Effects of excess light energy on excitation-energy dynamics in a pennate diatom Phaeodactylum tricornutum
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Controlling excitation energy flow is a fundamental ability of photosynthetic organisms to keep a better performance of photosynthesis. Among the organisms, diatoms have unique light-harvesting complexes, fucoxanthin chlorophyll (Chl) a/c-binding proteins. We have recently investigated light-adaptation mechanisms of a marine centric diatom, Chaetoceros gracilis, by spectroscopic techniques. However, it remains unclear how pennate diatoms regulate excitation energy under different growth light conditions. Here, we studied light-adaptation mechanisms in a marine pennate diatom Phaeodactylum tricornutum grown at 30 µmol photons m−2 s−1 and further incubated for 24 h either in the dark, or at 30 or 300 µmol photons m−2 s−1 light intensity, by time-resolved fluorescence (TRF) spectroscopy. The high-light incubated cells showed no detectable oxygen-evolving activity of photosystem II, indicating the occurrence of a severe photodamage. The photodamaged cells showed alterations of steady-state absorption and fluorescence spectra and TRF spectra compared with the dark and low-light adapted cells. In particular, excitation-energy quenching is significantly accelerated in the photodamaged cells as shown by mean lifetime analysis of the Chl fluorescence. These spectral changes by the high-light treatment may result from arrangements of pigment–protein complexes to maintain the photosynthetic performance under excess light illumination. These growth-light dependent spectral properties in P. tricornutum are largely different from those in C. gracilis, thus providing insights into the different light-adaptation mechanisms between the pennate and centric diatoms.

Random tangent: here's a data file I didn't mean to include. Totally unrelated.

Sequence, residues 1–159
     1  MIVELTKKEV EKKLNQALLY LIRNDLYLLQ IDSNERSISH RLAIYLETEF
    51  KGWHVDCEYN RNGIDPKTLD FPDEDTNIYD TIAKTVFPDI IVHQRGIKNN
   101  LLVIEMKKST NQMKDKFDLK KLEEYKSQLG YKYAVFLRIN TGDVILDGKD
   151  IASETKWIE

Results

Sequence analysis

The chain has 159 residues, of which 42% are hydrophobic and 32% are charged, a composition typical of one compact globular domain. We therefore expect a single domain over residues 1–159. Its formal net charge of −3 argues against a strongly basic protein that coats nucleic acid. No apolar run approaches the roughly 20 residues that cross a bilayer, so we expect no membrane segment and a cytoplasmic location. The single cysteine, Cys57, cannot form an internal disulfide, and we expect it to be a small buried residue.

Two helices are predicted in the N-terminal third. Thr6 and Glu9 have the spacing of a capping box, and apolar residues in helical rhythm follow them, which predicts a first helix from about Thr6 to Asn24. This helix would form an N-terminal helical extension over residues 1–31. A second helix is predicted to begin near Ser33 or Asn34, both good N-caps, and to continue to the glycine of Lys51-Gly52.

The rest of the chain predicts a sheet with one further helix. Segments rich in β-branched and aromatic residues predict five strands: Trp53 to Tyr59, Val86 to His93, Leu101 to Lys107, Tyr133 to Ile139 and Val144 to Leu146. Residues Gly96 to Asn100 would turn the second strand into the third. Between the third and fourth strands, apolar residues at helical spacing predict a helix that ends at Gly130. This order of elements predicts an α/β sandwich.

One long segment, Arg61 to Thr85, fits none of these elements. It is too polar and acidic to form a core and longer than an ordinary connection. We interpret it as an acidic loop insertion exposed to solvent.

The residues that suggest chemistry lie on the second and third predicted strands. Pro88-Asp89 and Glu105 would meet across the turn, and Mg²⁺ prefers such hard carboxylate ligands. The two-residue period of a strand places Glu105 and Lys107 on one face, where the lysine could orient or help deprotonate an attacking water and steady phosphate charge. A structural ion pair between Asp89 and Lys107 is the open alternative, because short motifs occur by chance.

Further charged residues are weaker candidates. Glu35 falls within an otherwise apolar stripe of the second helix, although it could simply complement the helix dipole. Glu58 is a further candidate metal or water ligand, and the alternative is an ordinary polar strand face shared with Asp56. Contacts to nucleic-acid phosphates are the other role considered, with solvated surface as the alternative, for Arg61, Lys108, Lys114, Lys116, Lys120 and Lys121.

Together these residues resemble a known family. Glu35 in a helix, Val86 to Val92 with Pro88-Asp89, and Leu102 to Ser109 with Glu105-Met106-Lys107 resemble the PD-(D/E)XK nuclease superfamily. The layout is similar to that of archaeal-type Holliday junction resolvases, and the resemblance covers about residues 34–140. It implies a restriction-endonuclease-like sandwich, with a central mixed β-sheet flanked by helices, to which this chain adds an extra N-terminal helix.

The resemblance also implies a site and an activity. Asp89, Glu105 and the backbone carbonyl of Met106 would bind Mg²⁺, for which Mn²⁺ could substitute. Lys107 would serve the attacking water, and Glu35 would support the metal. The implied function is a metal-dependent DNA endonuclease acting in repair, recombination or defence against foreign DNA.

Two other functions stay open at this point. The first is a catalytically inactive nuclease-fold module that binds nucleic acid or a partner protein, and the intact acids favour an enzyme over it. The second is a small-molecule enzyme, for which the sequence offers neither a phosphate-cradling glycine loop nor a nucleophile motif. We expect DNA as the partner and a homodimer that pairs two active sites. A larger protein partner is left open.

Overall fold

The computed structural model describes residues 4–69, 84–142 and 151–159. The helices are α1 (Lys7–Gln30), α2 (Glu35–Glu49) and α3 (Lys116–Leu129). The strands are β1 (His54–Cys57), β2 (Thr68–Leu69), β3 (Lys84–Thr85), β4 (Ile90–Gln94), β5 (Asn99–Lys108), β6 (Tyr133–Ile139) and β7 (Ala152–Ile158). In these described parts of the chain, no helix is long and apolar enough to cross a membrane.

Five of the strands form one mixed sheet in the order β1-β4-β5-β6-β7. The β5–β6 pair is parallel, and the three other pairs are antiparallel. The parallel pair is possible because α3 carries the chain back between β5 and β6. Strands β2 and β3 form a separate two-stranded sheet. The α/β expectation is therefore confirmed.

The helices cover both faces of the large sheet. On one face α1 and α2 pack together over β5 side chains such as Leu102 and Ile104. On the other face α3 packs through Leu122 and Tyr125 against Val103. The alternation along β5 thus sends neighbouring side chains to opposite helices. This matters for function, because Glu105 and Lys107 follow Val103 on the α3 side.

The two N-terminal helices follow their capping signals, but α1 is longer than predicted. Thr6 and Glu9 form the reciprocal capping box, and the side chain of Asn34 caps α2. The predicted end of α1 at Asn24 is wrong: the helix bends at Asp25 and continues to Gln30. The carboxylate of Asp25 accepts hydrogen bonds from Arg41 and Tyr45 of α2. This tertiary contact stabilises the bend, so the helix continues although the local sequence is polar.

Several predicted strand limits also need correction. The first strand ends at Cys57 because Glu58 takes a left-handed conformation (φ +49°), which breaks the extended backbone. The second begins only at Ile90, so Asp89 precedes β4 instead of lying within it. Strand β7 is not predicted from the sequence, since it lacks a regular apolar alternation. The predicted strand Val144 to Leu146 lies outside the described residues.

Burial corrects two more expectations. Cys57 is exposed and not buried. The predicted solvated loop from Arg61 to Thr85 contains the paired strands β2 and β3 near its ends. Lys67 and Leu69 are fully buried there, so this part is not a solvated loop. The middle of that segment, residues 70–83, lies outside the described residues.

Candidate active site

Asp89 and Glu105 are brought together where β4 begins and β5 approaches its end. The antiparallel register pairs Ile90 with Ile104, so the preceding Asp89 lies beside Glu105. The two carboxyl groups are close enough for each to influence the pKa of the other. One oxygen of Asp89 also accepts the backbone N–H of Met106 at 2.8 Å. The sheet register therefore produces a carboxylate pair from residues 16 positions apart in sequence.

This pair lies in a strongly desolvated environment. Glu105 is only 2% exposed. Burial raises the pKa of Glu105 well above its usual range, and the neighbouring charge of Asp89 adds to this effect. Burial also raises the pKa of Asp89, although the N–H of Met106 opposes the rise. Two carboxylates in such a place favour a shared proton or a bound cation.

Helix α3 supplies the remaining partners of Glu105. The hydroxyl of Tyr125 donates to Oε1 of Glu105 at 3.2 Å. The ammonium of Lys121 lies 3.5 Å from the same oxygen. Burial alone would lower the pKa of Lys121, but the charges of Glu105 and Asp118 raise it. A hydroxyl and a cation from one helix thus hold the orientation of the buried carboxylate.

KeywordsPennate diatom FCP Low-energy Chl Photoinhibition Time-resolved fluorescence spectroscopy
Fucoxanthin chlorophyll a/c-binding protein
Optical density at 750 nm
Photosynthetic photon flux density
This work was supported by the Grants-in-Aid for Scientific Research from Japan Society for the Promotion of Science JP17K07442 (to R. N.), JP17H06433 (to J.-R. S.), and JP16H06553 (to S. A.).
Compliance with ethical standards
Conflict of interest
The authors declare that they have no conflict of interest.
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